In an emergency, first determine your location as best you are able and then call 911 and report your location and the emergency.

In an emergency

  • Call 911 (If you have a phone and can get a signal). Tell the dispatcher you are an A.T. hiker, and provide your location (include name and approximate distance of nearest town and road if possible). A.T. maps and guidebooks often list other numbers in case 911 does not work.
  • If you don’t have cell service, activate an SOS call on your satellite messenger or personal locator beacon, if you are carrying one.
  • If you don’t have a phone or can’t get a signal, the standard call of distress consists of three short calls, audible or visible, repeated at regular intervals. A whistle, which should be a standard piece of gear for any hiker, is particularly good for audible signals. Visible signals may include, in daytime, light flashed with a mirror and, at night, a flashlight. Anyone recognizing such a signal should acknowledge with two calls—if possible by the same method—then go to the distressed person to determine the nature of the emergency. Arrange for additional aid if necessary.

Carry a map so you can describe your location

  • In an emergency, assistance may be delayed if you cannot describe your location in detail. A map will help you describe surrounding landmarks to rescuers or law enforcement (who may be unfamiliar with the A.T.), show access points and routes, and provide you with the names of the nearest town and the county in which you are located. ATC-published maps aspire to show the area within three miles of the footpath.
  • Keep in mind that, while cell phones and apps can be useful navigation tools, they cannot be relied on exclusively in the backcountry. Not only is cell phone reception spotty, but batteries can be drained within hours or minutes. Cell phones have limited or no functionality in cold weather and rainy or snowy conditions and in bright sunlight can also be hard to use. All hikers should carry an updated map and a compass and know how to use them together, so you are not reliant on charged batteries or cell phone reception if you get lost. Learn more about what 10 Essentials every hiker should carry here.
  • A variety of satellite- and GPS-guided messenger devices (SPOT, Garmin’s InReach, other personal locator devices) are an alternative for long-distance hikers, because they do not require a cell signal to either reassure family of your location for the night or alert law enforcement by pushing the SOS button. Keep in mind that even GPS signals may fail along the Trail’s most remote sections such as in the Great Smoky Mountains National Park and northern Maine.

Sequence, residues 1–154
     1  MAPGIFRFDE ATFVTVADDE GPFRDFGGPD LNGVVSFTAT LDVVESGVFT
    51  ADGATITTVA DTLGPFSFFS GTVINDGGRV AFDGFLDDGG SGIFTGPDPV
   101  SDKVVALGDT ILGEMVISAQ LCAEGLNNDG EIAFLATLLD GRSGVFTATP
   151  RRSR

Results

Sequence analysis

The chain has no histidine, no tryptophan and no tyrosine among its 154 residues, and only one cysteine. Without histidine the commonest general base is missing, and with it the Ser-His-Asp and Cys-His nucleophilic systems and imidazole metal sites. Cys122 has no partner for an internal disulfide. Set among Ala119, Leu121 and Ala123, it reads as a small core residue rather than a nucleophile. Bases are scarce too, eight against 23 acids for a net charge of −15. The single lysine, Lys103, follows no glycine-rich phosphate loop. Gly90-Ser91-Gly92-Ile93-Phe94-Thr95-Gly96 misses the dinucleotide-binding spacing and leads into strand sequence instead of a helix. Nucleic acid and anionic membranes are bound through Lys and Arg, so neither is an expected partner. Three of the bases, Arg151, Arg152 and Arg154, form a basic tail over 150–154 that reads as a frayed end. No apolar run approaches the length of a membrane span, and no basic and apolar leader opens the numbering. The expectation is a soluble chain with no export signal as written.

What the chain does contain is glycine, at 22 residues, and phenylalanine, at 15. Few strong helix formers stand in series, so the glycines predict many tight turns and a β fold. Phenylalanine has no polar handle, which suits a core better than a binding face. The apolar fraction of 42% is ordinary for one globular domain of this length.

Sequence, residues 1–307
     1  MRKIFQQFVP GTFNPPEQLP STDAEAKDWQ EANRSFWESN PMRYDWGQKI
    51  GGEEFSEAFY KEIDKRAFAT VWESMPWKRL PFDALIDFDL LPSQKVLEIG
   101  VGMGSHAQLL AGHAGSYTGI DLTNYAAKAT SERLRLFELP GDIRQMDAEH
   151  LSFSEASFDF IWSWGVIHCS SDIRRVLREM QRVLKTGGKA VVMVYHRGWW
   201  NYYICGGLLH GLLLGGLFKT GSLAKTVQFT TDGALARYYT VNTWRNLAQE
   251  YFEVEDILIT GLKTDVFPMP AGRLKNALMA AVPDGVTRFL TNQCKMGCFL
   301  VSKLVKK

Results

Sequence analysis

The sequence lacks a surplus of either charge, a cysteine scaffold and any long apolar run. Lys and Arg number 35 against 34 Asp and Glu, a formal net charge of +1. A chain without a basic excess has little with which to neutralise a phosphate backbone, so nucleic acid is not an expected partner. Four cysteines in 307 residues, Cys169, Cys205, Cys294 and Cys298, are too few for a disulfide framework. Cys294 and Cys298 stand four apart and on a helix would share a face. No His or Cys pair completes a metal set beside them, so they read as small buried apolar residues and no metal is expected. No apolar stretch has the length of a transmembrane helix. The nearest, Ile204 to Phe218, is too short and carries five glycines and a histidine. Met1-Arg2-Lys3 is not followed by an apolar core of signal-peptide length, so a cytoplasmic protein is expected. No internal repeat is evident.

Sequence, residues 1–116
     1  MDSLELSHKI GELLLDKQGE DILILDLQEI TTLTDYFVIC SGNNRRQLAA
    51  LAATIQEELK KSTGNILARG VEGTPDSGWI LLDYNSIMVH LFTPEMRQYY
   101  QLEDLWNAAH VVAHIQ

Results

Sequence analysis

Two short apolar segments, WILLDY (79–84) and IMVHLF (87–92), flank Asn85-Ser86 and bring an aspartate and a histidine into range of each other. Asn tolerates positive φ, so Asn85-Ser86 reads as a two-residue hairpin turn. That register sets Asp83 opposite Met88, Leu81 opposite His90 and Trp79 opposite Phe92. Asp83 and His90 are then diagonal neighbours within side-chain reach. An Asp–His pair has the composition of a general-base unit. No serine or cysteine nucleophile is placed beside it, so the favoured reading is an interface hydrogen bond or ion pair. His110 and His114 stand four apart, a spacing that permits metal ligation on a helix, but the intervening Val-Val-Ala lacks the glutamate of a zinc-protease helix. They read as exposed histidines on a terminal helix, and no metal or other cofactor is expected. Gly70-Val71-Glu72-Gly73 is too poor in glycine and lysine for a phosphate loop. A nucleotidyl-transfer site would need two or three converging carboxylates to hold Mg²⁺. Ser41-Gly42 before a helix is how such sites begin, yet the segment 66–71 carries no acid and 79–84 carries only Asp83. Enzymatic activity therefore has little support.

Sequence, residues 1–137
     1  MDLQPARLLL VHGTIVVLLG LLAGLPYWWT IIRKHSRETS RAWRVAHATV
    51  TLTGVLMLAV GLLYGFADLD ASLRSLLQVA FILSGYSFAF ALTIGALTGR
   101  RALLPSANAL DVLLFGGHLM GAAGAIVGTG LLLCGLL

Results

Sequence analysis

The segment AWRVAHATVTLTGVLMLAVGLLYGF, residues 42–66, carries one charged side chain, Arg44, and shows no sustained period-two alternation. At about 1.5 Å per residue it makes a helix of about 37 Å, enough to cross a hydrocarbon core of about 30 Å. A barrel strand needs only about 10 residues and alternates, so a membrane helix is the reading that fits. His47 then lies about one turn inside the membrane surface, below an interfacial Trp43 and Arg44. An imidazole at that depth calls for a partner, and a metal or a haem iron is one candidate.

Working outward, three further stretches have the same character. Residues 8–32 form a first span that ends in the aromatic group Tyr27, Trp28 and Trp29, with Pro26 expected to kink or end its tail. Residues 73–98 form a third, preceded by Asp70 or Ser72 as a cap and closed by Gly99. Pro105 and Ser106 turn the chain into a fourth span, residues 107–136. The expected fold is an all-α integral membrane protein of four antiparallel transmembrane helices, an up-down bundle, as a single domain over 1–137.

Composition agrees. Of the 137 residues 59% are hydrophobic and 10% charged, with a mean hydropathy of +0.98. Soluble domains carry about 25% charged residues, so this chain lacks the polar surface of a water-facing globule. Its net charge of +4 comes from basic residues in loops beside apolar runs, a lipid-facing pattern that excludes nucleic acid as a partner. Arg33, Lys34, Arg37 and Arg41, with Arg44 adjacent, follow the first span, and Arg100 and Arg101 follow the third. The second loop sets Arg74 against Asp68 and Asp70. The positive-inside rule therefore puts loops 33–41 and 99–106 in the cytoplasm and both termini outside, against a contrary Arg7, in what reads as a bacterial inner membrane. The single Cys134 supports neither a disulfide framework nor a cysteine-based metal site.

Don’t panic if you’re lost or injured

  • Most of the A.T. is well-enough traveled during times of popular use that, if you are injured, you can expect to be found. However, if an area is remote and the weather is bad, fewer hikers will be on the Trail, especially after dark.
  • Keep your pack with you. If it is necessary to leave a heavy pack behind, be sure to take essentials in case your rescue is delayed.
  • Don’t leave marked trails and try to “bushwhack” out. You will be harder to find and are more likely to encounter dangerous terrain: yet another reason why a hiking map is an essential safety tool.
  • Afterward, when everyone is safe and accounted for, follow up by filing an A.T. incident report and a report with local law enforcement.

Know your cell phone’s capability

  • Cell-phone reception on the A.T. is unpredictable and varies significantly with service providers. Mobile phone companies have online maps showing their area of coverage. Reception is best on ridgelines or peaks and may be poor or nonexistent in gaps, hollows, and narrow valleys. Trail shelters and campsites are often located in areas without service. Do NOT seek the high ground during storms; shelter as best you can until the storm passes.
  • Remote areas such as Great Smoky Mountains National Park in Tennessee/North Carolina, Mt. Rogers National Recreation Area in southwest Virginia, and most of the Trail in Maine in particular are areas you may not find service for extended periods. Keep in mind you’ll need to conserve your batteries. Be sure to tell folks back home in advance you may not be able to call as frequently as you have been.

If you’re able to submit an incident report once everyone is safe, please do so.

Report an incident